Auditor-General: Implementation of School Infrastructure Programs (06.03.2013)

Written on the 12 March 2013

I am pleased to rise and speak on the Victorian Auditor-General's report entitled Implementation of School Infrastructure Programs dated February 2013. I think all members in the chamber would agree that education is an extremely important aspect of government administration, and we invest a huge amount in our education services and our children. My speech is concerned with infrastructure programs. In previous contributions in this place I have spoken about projects and programs that were undertaken by the Labor government. This report also highlights some significant failings by the Labor government in relation to maintenance backlogs. We know that the federal government takes great delight in its Building the Education Revolution (BER) program -- --

 

 

Mrs Petrovich -- They are big on revolutions.

 


Ms CROZIER -- They are.

 

 

The federal government takes great delight in that program, but it was almost a one-size-fits-all approach, and questionable undertakings went on in relation to a number of those BER programs. There are a number of schools in my electorate of Southern Metropolitan Region, as is the case with most members in this place, and those schools of course vary. Various BER programs have been undertaken, and I have questioned some of them. In many instances they seem to be extremely unnecessary or not exactly what school communities wanted or expected. In other schools there are a number of good facilities, such as science and mathematics facilities. Nevertheless, we know that there has been a blow-out in those BER programs and that that has had a significant impact.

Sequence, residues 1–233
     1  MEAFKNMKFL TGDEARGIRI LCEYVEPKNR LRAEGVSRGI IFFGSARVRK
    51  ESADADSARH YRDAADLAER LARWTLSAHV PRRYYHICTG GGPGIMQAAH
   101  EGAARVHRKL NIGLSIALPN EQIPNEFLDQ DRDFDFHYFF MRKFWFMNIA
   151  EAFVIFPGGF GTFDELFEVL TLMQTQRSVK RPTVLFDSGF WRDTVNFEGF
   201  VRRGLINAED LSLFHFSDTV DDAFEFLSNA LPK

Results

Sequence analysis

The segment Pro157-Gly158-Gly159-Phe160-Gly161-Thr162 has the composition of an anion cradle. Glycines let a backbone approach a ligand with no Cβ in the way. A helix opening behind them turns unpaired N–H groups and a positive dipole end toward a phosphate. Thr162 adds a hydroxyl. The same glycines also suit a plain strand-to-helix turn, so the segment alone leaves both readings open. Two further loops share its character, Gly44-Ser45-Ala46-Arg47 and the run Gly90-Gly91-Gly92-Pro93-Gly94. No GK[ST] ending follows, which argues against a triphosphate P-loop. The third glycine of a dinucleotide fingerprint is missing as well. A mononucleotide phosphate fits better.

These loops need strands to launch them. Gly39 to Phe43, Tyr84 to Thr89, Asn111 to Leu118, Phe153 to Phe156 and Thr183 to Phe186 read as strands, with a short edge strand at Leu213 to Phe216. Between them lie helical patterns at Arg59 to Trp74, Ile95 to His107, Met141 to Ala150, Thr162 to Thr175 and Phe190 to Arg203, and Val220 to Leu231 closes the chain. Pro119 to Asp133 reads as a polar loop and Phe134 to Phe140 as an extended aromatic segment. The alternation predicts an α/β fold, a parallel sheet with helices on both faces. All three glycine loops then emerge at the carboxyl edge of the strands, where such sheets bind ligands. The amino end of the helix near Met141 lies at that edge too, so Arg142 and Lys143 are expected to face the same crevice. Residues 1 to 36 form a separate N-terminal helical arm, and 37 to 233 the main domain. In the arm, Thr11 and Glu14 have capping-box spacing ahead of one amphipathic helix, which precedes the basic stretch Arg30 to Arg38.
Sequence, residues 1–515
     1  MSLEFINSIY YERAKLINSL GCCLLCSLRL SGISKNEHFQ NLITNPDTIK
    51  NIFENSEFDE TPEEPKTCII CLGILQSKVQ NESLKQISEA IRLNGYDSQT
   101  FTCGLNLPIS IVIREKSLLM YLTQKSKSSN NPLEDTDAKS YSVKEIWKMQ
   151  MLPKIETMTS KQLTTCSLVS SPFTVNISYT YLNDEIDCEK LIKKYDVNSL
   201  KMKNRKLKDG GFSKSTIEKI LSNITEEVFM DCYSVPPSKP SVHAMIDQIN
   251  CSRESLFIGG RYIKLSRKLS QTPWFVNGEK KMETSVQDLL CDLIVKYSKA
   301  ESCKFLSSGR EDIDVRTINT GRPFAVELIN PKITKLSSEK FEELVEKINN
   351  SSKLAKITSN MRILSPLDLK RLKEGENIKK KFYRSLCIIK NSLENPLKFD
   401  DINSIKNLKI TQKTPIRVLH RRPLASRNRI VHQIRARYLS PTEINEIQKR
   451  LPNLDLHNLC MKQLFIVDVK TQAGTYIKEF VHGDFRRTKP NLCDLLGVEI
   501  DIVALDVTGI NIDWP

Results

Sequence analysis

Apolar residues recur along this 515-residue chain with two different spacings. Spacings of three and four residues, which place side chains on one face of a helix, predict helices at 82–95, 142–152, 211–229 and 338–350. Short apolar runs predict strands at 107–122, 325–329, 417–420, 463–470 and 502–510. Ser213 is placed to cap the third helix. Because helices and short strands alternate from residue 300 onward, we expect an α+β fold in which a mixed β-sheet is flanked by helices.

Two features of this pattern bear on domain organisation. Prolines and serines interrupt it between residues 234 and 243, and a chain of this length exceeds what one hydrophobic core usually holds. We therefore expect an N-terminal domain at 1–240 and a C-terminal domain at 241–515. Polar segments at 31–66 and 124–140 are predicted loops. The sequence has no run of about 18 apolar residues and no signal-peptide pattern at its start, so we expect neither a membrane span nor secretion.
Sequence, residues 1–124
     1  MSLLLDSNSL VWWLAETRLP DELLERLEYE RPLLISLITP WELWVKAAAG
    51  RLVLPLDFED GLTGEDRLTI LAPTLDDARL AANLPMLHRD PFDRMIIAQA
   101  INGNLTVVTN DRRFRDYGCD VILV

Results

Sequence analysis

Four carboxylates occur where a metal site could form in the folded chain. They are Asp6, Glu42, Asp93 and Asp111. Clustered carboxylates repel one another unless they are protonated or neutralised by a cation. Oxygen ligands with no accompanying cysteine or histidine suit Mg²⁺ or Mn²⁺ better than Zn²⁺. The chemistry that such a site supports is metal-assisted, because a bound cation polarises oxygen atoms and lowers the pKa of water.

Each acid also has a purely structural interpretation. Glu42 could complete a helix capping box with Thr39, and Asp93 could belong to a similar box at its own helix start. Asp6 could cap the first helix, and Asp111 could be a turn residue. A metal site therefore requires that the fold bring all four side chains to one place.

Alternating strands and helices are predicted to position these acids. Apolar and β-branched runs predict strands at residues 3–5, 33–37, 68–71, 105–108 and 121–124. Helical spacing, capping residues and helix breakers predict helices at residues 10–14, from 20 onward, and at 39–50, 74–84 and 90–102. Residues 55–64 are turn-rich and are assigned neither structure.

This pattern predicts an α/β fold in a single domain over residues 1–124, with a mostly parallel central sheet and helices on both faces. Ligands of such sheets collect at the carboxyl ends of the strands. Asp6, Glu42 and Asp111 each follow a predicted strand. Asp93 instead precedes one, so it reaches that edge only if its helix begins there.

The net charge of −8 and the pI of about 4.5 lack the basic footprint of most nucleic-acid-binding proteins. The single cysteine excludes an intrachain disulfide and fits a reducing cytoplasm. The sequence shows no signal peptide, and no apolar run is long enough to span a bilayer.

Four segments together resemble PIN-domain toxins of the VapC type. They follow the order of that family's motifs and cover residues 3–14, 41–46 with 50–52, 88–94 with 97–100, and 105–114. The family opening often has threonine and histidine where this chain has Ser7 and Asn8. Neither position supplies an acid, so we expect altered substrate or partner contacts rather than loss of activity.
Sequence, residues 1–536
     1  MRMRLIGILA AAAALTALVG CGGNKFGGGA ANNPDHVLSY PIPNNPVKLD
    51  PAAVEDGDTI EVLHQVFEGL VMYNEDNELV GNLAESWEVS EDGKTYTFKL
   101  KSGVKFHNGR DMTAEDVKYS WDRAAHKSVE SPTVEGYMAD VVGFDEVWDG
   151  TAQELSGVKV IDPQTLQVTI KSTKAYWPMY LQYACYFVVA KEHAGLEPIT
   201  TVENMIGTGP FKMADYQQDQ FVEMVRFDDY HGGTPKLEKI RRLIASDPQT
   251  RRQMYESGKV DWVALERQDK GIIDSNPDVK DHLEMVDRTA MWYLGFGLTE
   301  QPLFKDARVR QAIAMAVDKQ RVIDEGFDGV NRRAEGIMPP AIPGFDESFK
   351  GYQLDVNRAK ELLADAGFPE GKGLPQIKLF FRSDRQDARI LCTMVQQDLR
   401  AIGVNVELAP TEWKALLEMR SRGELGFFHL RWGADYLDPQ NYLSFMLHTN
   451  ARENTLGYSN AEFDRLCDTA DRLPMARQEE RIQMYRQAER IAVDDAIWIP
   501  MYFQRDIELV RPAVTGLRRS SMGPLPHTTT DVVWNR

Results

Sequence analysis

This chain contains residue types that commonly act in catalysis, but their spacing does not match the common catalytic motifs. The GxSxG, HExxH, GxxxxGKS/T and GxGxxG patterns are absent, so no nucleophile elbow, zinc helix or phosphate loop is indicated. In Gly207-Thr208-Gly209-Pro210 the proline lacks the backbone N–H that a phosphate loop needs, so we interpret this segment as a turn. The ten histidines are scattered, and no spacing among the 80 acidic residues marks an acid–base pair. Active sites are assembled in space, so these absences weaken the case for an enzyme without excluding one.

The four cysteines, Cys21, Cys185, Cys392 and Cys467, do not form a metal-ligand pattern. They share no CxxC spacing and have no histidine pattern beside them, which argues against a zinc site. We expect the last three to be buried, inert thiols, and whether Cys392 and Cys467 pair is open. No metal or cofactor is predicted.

When the coalition came to government it made an undertaking that it would perform a maintenance audit; that was a pre-election promise.

 

 

The audit showed there were 27 000 school buildings, and the government assessed 1539 government schools. These are large numbers. The total value of school building assets is $10.7 billion, so this is a significant portfolio area and it requires significant input to maintain these services.

 

 

Caulfield Primary School, just down the road from my office, severely lacks maintenance in one particular area. It has a very flash hall sitting on the pavement, which was constructed through BER, yet it has ceilings falling in and insufficient staff rooms. The school's building funds could have been better utilised if the federal government had addressed the concerns of the local community and the school. Nevertheless, I am pleased the coalition government undertook that audit and has a baseline from which to work. Despite the billions of dollars that were spent on programs such as BER, the audit revealed a massive $420 million in maintenance backlog.

 


The government is addressing this backlog and ensuring that we address some of the concerns of local school communities which I have highlighted.

 

 

I am pleased the Victorian government has looked at this closely and will spend $51.5 million at more than 200 schools on urgent maintenance following a decade of the former Labor government's neglect in this area. It knows how to spend and throw money away, yet it does not consider its local communities or what they want. This report highlighted those aspects, and I commend the Auditor-General for his report.


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